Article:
- Commentary: Walker’s budget calls for schools to stop reporting sexual assaults
- Wallace hopes for redevelopment expansion
- Teravainen makes instant impact on return to ‘Hawks
- Oregon mayor reacts to Exelon talk of closing nuclear plant
- GiGi’s benefit for Down syndrome, March 21
- What’s the future hold for Rose?
- ‘Hogs keep pace in tight Midwest
- Qatar continues to confound
- Meet John Doe: Keep public notices in print
- Commentary: Rauner’s minimum wage plan just more of the same from GOP
Register by Feb. 6 for Winter Trails & Naturalist Tales
Embrace winter’s beauty through outdoor exploration and indoor inspiration at University of Illinois Extension’s fourth annual Winter Trails & Naturalist Tales from 8 a.m. to 2 p.m., Saturday, Feb. 8.
Winter Trails & Naturalist Tales will be at Severson Dells Nature Center, 8786 Montague Road, Rockford, and includes two “naturalist tales” keynote speakers, a “winter trails” outdoor guided hike, and lunch. This year’s event will focus on endangered and threatened plant and animal species in Illinois.
The morning naturalist tale will focus on state-threatened ornate box turtles. Ornate box turtle numbers have dwindled throughout Illinois because of fragmentation of their sand prairie habitat. Jeramie Strickland, wildlife biologist for the United States Fish & Wildlife Service, will showcase an ongoing restoration project with the goal of reestablishing a self-sustaining, viable population of ornate box turtles at Lost Mound, part of the Upper Mississippi River National Wildlife and Fish Refuge in Savanna, Ill.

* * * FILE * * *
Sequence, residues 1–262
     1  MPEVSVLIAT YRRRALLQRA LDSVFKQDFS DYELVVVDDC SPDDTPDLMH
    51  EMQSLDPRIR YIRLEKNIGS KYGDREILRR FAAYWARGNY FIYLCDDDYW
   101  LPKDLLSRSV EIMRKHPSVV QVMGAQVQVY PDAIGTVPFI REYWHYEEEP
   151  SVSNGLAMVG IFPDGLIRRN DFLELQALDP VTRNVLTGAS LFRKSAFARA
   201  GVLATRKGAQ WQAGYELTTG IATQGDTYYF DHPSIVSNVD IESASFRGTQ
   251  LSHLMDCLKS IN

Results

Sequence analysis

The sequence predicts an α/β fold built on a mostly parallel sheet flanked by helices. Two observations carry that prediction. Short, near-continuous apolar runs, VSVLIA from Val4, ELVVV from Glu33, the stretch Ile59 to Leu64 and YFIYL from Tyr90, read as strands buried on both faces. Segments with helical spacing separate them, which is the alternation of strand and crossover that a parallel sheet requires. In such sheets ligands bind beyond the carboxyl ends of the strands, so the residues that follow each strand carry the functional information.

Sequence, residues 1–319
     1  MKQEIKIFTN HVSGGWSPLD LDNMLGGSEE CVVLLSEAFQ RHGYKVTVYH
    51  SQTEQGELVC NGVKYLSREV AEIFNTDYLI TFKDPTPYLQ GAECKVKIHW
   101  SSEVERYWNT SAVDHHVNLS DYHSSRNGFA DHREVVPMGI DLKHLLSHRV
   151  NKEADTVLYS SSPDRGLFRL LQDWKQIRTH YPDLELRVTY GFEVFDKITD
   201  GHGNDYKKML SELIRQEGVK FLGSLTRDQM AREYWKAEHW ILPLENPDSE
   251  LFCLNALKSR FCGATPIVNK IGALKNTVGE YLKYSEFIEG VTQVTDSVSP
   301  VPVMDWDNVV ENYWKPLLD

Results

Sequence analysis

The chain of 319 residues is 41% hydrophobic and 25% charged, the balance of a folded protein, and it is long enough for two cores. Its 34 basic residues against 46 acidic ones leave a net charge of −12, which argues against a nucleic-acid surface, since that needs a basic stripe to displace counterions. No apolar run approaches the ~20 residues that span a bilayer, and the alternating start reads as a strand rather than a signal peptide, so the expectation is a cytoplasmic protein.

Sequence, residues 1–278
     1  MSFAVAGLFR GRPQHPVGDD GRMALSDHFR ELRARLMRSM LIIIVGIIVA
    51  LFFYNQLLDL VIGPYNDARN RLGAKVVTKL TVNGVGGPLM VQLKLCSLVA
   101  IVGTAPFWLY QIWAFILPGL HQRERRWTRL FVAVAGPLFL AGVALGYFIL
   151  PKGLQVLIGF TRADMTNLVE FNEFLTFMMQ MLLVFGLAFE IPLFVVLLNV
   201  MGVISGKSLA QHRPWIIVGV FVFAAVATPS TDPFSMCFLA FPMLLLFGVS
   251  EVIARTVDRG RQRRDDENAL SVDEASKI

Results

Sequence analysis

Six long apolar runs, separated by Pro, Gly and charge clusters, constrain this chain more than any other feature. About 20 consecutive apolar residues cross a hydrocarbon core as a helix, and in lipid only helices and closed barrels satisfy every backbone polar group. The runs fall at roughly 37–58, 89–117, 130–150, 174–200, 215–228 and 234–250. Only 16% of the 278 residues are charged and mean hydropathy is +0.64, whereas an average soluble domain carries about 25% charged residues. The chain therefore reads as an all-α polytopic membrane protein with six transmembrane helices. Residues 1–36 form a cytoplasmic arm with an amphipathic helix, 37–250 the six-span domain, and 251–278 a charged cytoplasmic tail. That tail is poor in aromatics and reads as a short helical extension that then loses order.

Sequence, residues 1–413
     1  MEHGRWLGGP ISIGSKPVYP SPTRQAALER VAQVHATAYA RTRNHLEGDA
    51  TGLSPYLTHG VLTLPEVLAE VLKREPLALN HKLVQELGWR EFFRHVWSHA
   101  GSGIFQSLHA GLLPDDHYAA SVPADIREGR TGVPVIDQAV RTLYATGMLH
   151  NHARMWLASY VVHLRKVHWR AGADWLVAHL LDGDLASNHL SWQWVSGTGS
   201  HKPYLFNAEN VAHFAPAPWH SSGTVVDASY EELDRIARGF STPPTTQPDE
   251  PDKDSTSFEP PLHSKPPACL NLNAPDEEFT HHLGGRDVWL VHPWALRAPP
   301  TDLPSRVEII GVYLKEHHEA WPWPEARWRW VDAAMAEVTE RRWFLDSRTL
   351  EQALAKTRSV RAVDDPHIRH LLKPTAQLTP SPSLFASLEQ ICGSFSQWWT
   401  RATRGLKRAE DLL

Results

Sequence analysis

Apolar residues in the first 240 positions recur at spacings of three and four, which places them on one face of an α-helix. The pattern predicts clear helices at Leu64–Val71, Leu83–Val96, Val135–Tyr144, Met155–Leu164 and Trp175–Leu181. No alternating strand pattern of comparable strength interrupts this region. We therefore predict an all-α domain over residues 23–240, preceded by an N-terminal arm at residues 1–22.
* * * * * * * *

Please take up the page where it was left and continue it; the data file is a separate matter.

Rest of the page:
Next, U of I Extension Master Naturalist volunteers will lead you on a fun and educational winter ecology hike through Severson Dells Forest Preserve. View telltale signs of resident wildlife and learn to identify animal tracks, scat, feathers, dens, kill sites and more, all while enjoying the serene beauty of the winter trails.
Finally, the afternoon naturalist tales presentation will feature Susanne Masi, recently retired manager of regional floristics at the Chicago Botanic Garden. Masi will share details, stories, trends and major findings of the Chicago Botanic Garden’s volunteer-based Plants of Concern program, where she and numerous citizen scientist volunteers have documented and monitored more than 260 endangered, threatened or rare plant species throughout the Chicagoland region. She will highlight the work performed over her illustrious career as well as the important role that volunteers play in conservation.
Winter Trails and Naturalist Tales costs $30 per person and includes lunch, two keynote speakers and a guided outdoor hike. For more information or to register, visit web.extension.illinois.edu/jsw or call (815) 986-4357. Pre-registration is requested by Feb. 6.
Posted Jan. 29, 2014